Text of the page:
Gesture Controlled Game

The principle idea of this project, is to design an adventure/survival game on the Unity Game Engine, which uses the gesture controls of an arduino controller to interact with the game mechanics.


Marco H

Area of Interest

Computer Science/ Game Design


Northeastern University


Incoming College Freshman


First Milestone

I successfully developed the basic mechanics and design for the adventure/survival game. This includes running and fighting actions. I used the Animator Controller to manage the different animations based on my current computer input. This will be updated when the Arduino controller is completed. Additionally, the basic interface for Arduino-Unity communication has been established. Using the “Ardity” asset from the unity asset store, simple communication between Unity and Arduino was made possible. On the design side, the basic environmental design has been developed with trees, rocks, grass, rivers, and terrain all in place to allow for level design in the coming week. These models were created by me on Blender. All modeled characters were given skeletons to be able to develop animations.

Character Design+ Fighting Animation

Fighting Action

Flowing River

River Water

First Milestone Video

Second Milestone

For this milestone, I created the Arduino motion controller that can track the motion of the player’s arm through a six degrees of freedom motion-sensing accelerometer. The controller also includes a joystick to allow for motion, in the game. I soldered all components onto a perf board, which is then connected to the Arduino through multiple wires.

For the controller to properly work, there were two essential components that needed to be connected.

  1. The gyro/accelerometer
  2. The joystick

To attach the accelerometer, I had to make five connections. Firstly, a connection to power, as demonstrated by the red line. Secondly, a connection to ground (GND) to complete the power circuit (black line). Thirdly, two connections between Analog pin 4 and 5, and the SDA/SCL connections on the accelerometer. And finally a connection between INT and the 2nd digital pin.

To attach the joystick, I connected the GND pin with GND (black cable), and the 5V pin with 5 Volt on the Arduino. Next, I created a connection between VRX and Analog 0, for x-axis input and I connected VRY with Analog 1 for y-axis input.

The last connection I made was SW, with digital pin 4 to account for the pressing in of the joystick. With the last connection made, I soldered the joystick onto the board and soldered all the connections together to avoid connection problems between wires.

Second Milestone Video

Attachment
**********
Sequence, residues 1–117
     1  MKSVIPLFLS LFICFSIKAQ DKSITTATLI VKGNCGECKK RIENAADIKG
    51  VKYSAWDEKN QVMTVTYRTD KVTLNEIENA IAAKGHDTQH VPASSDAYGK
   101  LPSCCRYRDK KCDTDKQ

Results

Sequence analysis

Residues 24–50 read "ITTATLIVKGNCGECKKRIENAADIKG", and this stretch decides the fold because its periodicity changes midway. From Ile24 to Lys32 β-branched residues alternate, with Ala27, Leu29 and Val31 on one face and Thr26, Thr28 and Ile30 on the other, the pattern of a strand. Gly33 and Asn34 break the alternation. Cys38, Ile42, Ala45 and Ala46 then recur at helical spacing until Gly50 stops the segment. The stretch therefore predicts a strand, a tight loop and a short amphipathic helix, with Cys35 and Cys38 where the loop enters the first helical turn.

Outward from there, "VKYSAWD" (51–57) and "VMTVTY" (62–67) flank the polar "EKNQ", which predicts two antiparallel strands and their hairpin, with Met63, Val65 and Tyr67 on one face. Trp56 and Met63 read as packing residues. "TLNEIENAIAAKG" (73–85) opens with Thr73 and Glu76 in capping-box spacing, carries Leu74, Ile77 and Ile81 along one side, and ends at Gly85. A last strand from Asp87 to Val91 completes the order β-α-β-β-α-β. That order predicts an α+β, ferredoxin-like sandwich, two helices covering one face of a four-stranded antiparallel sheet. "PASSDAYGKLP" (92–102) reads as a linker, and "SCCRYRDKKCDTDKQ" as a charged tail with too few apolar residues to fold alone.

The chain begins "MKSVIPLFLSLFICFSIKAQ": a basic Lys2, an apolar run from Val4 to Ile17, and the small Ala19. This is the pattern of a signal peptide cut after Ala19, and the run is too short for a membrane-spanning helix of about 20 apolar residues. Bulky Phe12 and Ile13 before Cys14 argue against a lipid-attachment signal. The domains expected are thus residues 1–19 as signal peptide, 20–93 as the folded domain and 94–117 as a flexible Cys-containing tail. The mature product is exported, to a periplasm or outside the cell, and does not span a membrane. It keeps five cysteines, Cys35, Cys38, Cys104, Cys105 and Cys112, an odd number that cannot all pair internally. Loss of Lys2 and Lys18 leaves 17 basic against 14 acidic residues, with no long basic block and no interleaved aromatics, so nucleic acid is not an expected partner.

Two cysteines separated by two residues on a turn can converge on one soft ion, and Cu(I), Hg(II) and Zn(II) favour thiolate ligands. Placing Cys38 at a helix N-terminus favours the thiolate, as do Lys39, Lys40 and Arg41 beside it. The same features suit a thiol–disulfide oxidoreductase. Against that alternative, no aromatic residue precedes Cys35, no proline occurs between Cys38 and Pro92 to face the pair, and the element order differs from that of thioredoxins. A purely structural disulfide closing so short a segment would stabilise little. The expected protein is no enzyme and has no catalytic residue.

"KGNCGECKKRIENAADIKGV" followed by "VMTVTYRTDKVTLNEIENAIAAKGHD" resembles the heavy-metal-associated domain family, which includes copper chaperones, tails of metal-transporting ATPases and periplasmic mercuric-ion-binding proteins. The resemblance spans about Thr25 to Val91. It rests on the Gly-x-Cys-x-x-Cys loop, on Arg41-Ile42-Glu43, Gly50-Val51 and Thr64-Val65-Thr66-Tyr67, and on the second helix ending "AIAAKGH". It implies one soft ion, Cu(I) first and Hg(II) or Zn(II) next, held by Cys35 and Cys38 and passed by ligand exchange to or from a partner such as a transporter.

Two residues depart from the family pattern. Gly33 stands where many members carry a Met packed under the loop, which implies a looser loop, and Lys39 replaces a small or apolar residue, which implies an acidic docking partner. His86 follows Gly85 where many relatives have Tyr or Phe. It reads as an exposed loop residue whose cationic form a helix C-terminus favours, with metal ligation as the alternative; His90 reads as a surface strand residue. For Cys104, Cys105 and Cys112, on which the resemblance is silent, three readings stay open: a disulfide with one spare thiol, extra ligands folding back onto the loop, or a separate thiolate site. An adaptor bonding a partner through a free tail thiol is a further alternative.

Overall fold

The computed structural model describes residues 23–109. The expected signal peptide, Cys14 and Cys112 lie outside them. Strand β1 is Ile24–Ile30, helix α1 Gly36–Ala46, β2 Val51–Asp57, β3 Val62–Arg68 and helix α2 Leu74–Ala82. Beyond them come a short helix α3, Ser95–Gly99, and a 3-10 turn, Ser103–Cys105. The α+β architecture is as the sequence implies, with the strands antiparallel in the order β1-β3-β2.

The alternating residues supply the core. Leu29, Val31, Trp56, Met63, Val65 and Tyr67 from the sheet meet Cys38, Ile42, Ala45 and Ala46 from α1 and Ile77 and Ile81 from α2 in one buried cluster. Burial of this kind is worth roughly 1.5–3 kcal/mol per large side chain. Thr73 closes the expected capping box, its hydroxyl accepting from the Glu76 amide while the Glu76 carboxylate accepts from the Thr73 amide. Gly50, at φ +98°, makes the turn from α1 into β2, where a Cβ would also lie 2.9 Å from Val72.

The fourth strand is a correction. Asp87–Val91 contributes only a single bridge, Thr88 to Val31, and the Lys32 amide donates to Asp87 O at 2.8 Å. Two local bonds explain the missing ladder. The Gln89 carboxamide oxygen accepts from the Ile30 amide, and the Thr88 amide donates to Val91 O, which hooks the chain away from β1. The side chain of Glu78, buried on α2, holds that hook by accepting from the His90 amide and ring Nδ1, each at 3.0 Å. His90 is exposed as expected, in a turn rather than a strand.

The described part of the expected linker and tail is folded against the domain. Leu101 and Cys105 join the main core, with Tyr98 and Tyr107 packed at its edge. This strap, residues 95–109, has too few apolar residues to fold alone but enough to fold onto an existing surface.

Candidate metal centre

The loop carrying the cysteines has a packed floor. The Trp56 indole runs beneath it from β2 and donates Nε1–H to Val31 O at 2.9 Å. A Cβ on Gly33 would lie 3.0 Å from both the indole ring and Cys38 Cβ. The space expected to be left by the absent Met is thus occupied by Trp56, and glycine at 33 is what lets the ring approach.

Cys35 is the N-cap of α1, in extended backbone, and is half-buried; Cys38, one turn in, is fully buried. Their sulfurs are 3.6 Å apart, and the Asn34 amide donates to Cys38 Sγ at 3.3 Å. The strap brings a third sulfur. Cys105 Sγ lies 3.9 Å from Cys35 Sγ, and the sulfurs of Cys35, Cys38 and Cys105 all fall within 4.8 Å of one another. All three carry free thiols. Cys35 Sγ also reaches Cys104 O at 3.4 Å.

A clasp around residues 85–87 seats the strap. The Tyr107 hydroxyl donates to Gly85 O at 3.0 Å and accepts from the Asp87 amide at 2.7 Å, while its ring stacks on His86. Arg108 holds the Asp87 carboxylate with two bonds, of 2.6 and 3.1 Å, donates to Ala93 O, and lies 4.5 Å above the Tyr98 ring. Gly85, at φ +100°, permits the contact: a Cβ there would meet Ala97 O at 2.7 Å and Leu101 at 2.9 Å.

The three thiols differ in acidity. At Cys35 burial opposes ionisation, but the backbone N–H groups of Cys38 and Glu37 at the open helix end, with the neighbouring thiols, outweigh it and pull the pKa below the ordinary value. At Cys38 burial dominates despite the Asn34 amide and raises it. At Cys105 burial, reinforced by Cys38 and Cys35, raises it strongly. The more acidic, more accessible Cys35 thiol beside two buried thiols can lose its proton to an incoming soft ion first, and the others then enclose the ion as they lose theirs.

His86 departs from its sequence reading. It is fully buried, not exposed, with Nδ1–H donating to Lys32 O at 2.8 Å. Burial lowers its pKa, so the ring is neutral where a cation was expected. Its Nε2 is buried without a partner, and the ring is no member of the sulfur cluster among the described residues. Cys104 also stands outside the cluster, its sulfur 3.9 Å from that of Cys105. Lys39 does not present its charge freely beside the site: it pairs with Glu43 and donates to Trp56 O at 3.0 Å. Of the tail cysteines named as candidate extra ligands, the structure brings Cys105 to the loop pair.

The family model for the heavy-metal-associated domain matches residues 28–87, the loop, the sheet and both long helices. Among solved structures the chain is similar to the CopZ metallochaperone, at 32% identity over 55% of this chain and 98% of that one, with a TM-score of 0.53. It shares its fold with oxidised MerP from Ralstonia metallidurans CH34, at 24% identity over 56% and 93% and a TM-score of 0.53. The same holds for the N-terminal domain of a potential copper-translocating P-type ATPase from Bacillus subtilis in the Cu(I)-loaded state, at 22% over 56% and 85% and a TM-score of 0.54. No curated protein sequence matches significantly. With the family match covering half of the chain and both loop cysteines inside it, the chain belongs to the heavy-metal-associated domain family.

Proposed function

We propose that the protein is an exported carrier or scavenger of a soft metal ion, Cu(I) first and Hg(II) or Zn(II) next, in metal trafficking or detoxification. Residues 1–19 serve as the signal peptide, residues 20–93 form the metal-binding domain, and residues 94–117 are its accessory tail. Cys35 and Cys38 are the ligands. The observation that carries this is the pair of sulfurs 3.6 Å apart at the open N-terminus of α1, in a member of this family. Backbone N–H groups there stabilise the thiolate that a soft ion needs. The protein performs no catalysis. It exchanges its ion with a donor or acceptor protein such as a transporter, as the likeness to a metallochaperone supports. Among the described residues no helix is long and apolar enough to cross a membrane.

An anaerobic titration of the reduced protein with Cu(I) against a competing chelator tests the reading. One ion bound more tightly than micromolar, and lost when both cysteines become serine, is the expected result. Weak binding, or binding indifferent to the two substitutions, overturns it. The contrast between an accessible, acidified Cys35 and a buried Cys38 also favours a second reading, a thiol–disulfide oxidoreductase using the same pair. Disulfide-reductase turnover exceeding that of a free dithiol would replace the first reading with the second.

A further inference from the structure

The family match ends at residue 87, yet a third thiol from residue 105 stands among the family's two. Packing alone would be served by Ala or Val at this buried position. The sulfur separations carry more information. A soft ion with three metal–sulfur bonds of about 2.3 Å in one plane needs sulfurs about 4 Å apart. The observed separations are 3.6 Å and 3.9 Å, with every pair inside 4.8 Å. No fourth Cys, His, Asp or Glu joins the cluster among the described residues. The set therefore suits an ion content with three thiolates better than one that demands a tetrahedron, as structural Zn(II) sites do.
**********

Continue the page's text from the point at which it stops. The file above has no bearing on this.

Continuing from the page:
Third Milestone

With this milestone, the main 3 step plan of the project is finished. Having built the controller, and developed the game the final part of this project was two integrate the two parts together. This was essentially made up of receiving the data being printed by the Arduino in Unity and then using the data in unity to enable certain actions.

To accomplish this I first organized how my data would be sent, into a more organized fashion: First sending rotation x,y, and z data. Then sending translation x, y, and z data. And finally sending joystick x, y, and button pressed data.


Once uploaded to the Arduino, I turned my attention to Unity to receive data from the controller. I primarily achieved this by using the “Ardity” asset on the Unity Asset Store. Once implemented, this asset allowed me to read all the data coming in from the Serial Monitor of the Arduino controller. Then I wrote a script that would break up the data into separate strings, and then I parsed the strings into actual numerical values that the game could read.

With the data finally being received by Unity, I began adjusting the values I received to be more useful for in-game mechanics. Values coming from the joystick for example, could be anywhere between 0, and 1023. Each representing the joystick being tilted on an extreme end of the respective axis. I normalized this range to be between -1 and 1 to be more compatible with my other input’s range of -1 and 1.

In regards to accelerometer data, I created a method in the Arduino code that would convert the raw data from the accelerometer, into readable values, or Euler Angles (degrees).


Once all the data was properly formatted I edited my movement script to allow for joystick controls and created a second to detect when your arm was swung. This second script simply paid attention to when the accelerometer would have a certain amount of acceleration, and how much its angle changed, to determine if a swing had occurred. If it did detect a swing, based on the acceleration and angle, it could determine which direction, and run the respective animation for it. Thus, the game’s controls were integrated with the Arduino controller.

Opening Menu

Finally, to wrap things up, I designed a user interface, with the player health bar, and the pillar’s health bar. If you didn’t defend the pillar it could be destroyed, and the game could be lost.

I also created a menu that would allow you to play again or exit. And I created an opening screen when you launch the game to allow the controller time to connect. It was here where I decided to call the game “Knight Attack!!!”

And with that, this is how the final game looks like!!!

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